Gary E
I really enjoy this series. These books take place in Laos shortly after the Communist government has taken over. Dr. Siri Pablon is the countries only coroner. We get to met Siri and all of his very colorful friends. We get to learn a little about the history of Laos and a little about how the burgeoning Communist Party is (or is not) running things.

These are always funny and clever and this version (the 9th in the series) does not disappoint.

So whether you are in the mood for a bit of a myster
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Harriet
I've enjoyed all of the Dr. Siri mysteries but this one probably the most. All of the characters are well developed and we get to find out more about Laos under French rule and the French don't come away smelling too good. It's alot of fun!!
Linda
Dr Siri and Madame Daeng shine in this wonderful, engaging and amusing mystery set in Laos in the 1970s. It is fascinating to read about the history of Laos and its people. I wait with happy contemplation for the next book.
Nameann Beckman
Excellent book. Very witty, with interesting well developed characters. I love the series, and was worried it was ending. So I was releived to see a new book in the series that was just as good as the previous ones.
Keri
Dr. Siri ROCKS! Dr. Siri makes 1978 Laos a HIP place to be. Of course it wouldn't be half as fun without all the zany characters that make up his world. Can't wait for the next one.
Mei
It took me a while to get through this. I didn't know enjoy this as much as some of the other books in this oft-times charming series. For some reason, this felt too disjointed and the various elements of the plot didn't fit well together; there were a number of different storylines in this book, and none of them were developed fully enough for me to enjoy. So everyone makes a guest appearance, but sometimes those guest appearances are too short and frankly only serve to confuse the storyline mo ...more
CarolineFromConcord
Another convoluted, fun Colin Cotterill mystery about the elderly coroner of Laos. Siri is now retired but still solving mysteries with the aid of supernatural spirits and his team of friends. His wife's autobiography is woven in, and a powerful Frenchman she enraged when she was an undercover spy presents a new threat. Cotterill seems to know a lot about the history of Southeast Asia and the 20th century wars, secret and otherwise. And since I don't know anything about that, I always feel I am ...more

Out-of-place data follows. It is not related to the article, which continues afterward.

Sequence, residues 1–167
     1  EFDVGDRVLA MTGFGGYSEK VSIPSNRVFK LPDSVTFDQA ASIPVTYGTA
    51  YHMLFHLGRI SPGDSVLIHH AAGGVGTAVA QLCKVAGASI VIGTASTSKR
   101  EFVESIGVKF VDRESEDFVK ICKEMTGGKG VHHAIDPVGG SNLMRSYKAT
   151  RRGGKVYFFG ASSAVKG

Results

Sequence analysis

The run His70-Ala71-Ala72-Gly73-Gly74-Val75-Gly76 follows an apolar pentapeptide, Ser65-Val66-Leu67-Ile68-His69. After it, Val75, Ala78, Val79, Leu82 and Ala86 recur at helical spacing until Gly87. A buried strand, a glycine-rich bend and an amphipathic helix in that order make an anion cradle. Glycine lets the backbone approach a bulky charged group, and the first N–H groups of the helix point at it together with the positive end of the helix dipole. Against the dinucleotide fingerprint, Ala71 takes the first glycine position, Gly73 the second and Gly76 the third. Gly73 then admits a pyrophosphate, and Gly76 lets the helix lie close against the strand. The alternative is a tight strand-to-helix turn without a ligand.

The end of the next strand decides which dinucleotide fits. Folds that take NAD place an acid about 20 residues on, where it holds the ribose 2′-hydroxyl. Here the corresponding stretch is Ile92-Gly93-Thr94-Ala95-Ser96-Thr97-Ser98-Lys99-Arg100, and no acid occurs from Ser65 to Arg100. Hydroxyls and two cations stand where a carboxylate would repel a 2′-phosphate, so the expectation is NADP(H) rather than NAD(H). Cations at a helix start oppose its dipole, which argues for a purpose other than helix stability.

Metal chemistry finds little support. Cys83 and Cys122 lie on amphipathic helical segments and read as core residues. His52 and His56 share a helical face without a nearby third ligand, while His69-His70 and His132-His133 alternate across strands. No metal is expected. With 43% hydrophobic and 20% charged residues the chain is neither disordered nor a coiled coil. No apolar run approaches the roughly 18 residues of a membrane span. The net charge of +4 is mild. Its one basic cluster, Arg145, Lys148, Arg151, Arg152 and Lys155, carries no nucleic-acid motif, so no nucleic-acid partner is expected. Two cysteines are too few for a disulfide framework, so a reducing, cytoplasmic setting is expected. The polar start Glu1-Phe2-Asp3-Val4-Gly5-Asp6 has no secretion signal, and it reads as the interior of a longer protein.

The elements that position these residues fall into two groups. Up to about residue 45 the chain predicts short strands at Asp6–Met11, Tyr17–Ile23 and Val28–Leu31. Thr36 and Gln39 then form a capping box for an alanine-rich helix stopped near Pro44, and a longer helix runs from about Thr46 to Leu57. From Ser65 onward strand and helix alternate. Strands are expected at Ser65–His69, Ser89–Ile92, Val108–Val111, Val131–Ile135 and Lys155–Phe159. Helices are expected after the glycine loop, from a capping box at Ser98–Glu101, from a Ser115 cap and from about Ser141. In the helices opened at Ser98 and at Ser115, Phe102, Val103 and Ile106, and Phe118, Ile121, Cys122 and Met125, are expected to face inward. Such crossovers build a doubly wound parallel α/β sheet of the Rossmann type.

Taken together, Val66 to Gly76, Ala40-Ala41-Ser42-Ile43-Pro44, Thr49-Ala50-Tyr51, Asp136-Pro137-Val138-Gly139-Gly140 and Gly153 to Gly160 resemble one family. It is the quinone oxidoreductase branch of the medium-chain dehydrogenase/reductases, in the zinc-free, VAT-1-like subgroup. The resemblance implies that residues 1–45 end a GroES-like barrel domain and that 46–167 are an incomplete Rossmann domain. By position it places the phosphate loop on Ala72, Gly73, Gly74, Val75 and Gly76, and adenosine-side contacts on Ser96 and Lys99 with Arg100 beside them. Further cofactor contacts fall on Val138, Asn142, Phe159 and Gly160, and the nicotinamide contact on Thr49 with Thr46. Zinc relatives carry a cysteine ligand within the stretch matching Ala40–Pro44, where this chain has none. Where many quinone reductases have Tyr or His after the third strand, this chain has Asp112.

Carey Combe
Ridiculous, joyful fun
Shomeret
I liked it, but...The greatest strength of this book is the excerpts from Madame Daeng's memoirs. I enjoyed learning about the role she played in the history of Laos.

Yet I can’t say that I was completely enamored with The Woman Who Wouldn’t Die. The Dr. Siri series has been a pretty wild ride especially when it comes to the paranormal, but in this book the mystery's solution can be arrived at by employing the rather mundane Occam's Razor. (The simplest explanation is the one that will turn out t
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Martha Bullen
Reading Colin Cotterill's Dr. Sir Paiboun mystery series set in 1970s Laos is a great pleasure. Cotterill's complex, human characters, his involving plots, social and political commentary and hilarious dialogue are all in evidence in his newest book, The Woman Who Wouldn't Die. Readers who have grown to love the cantankerous but kindly Dr. Siri and his irrepressible family and friends will be very satisfied with the current outing.

It's a wonderful read. However, I'm less than impressed with the
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Gloria Feit
This newest in the Dr. Siri mysteries not only takes on the Laotian coroner’s obsession with contact with the dead, but provides us with a lot of background on the good doctor and his wife and the role they played in the revolution. At the same time, the novel is a first rate mystery. It begins when Dr. Siri is offered a “vacation” upriver to supervise the recovery of the brother of a Lao general whose body is supposedly at the bottom of a river, lying in a submerged boat for many years.

The gene